My work, the one thing that I excel at, is to challenge people to see beyond their comfort zone. I make people scared. The purpose of education is to enlighten students, colleagues and one’s self, so as to introduce new paradigms into their reality. The challenge is to do so without destroying the feeling of safety. When the appearance of safety shatters, a person will withdraw from the connective act of learning. We all withdraw when the fire becomes too hot, when the flame becomes too brilliant.
What I do best, at least in my experience, is to push people to the very line of their limit before I stop. Sometimes I fail, sometimes I am not empathic enough and I push too hard. When that happens all is not lost, but rather, the trust needs to be regained through careful, gentle sharing. The mask of the scary monster needs to be shed to show that we are all just playing pretend; a great teacher knows when to become a simple man.
My work this week is to ask an overwhelming question: What is a human life worth? Like Socrates, I have no idea what the actual answer to the question is. Instead, I ask the question of my students, and through the act of questioning we come together to move closer to our answer. The questions I ask are not easy for young people: Why do we protect some things, but kill others? Why are some humans perceived as being worth more than others? What creates value in our lives? The answers are seldom what we expect; they often leave my students feeling sad, guilty, or even inspired to change. How they feel will depend on on scared I make them and where each boy began his journey from.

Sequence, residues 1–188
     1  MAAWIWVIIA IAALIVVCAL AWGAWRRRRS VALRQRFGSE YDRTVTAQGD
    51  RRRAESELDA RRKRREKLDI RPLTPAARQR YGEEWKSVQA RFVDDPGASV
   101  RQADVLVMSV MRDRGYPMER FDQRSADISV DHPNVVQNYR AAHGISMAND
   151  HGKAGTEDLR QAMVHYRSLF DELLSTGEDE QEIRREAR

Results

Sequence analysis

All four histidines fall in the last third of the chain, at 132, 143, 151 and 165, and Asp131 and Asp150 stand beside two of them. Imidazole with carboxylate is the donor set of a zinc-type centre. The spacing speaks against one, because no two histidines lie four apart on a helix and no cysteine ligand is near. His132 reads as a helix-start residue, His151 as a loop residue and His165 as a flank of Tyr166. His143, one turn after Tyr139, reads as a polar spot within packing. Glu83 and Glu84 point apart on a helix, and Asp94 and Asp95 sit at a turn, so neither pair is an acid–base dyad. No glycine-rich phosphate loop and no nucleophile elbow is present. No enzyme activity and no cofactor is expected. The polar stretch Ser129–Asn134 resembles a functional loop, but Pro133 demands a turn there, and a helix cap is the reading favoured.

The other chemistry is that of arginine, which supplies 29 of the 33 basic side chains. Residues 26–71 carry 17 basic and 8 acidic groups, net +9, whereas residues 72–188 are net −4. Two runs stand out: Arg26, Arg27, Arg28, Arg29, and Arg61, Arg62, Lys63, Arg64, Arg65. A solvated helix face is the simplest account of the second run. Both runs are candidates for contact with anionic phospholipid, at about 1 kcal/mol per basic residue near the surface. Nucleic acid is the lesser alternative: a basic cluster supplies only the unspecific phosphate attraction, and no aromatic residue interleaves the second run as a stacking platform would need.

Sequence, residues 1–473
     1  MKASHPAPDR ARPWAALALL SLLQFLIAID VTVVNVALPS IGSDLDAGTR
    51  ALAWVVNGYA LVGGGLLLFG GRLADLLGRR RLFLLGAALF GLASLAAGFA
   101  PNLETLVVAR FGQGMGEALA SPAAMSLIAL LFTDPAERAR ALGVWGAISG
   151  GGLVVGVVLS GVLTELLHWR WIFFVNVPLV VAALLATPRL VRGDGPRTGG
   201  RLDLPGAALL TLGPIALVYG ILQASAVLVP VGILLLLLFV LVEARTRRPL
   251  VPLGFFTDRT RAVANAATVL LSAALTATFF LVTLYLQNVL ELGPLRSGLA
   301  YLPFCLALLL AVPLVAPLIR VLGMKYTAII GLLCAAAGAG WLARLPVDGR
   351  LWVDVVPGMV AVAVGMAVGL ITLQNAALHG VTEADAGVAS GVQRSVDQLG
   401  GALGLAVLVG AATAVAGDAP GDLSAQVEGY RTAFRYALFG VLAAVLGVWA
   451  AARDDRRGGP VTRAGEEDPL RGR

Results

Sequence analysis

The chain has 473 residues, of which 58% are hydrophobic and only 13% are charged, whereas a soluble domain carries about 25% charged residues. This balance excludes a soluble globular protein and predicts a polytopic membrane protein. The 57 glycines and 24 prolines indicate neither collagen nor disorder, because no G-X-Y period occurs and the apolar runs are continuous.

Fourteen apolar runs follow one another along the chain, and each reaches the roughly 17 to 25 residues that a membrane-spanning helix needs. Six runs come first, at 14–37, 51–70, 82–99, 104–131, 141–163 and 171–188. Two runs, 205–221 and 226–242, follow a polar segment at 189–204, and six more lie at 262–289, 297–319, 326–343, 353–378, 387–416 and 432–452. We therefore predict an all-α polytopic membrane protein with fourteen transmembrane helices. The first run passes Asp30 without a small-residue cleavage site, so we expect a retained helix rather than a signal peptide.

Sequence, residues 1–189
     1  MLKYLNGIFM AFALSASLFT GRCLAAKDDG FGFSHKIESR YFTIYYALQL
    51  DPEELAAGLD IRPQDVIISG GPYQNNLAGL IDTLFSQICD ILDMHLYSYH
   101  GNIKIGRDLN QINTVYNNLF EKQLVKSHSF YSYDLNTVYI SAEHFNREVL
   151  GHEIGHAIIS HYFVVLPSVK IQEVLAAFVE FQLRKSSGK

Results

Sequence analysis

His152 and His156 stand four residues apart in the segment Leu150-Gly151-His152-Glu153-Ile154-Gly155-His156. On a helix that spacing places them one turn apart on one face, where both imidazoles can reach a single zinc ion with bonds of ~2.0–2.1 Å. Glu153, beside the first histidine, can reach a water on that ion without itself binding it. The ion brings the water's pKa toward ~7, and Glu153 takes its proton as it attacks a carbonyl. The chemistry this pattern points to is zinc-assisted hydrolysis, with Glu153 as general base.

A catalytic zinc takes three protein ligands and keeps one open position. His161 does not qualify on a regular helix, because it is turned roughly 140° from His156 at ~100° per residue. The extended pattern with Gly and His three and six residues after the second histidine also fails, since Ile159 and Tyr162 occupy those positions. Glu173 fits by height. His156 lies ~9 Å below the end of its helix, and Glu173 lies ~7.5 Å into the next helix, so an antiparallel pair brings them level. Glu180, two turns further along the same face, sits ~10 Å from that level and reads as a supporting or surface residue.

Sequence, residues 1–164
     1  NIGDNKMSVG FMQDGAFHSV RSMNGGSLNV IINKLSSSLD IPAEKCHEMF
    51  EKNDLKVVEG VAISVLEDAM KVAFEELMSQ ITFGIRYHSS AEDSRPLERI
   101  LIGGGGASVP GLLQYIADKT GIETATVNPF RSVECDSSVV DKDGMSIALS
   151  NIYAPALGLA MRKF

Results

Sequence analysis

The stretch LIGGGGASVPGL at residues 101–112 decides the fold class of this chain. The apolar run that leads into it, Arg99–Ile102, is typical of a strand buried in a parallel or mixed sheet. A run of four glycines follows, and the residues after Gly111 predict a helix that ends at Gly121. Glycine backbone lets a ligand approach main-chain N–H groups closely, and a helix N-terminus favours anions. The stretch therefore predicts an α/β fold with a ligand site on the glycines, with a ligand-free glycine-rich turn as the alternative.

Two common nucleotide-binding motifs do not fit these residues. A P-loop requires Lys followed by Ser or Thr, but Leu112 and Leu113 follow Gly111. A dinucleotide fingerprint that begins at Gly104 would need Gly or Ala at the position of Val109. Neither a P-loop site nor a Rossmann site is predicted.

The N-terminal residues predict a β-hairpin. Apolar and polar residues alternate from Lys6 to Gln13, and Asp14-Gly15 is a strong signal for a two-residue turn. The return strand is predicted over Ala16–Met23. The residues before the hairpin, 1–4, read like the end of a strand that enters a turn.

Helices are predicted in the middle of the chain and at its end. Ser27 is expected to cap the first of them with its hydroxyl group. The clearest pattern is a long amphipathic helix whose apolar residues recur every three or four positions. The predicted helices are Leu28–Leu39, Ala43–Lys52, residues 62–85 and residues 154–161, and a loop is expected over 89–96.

Perhaps what always, always strikes me most about this particular lesson is that what scares me changes from year to year. I begin the journey from a different point, a different paradigm, each year, too. What I value this year is my connection to family, loved ones, and the beauty of stories: the beauty of sharing my life with another person. What scares me most as I ask the familiar questions and the unfamiliar questions to new, open faces is that I will fail to push hard enough. I fear not pressing those who learn from me to the breaking point. I question whether I am strong enough to catch the scared student, weak from the process, as he free-falls in confusion like a dancers falling back desperately hoping to be caught by her partner. Fortunately, I am always stronger than I appear. I have to be.
This is my game. This is my show. This is my life’s work. If I am not good at creating the fear, and then offering comfort when it becomes too much, then I am lost and my lessons will no longer be magical. When I lose the power of the shaman, whose story-telling kept his village alive by balancing fear, joy, imagination and wonder, then it will be time to seek a new path. It will then be time for me to relearn what it means to be scared. So be it. Amen.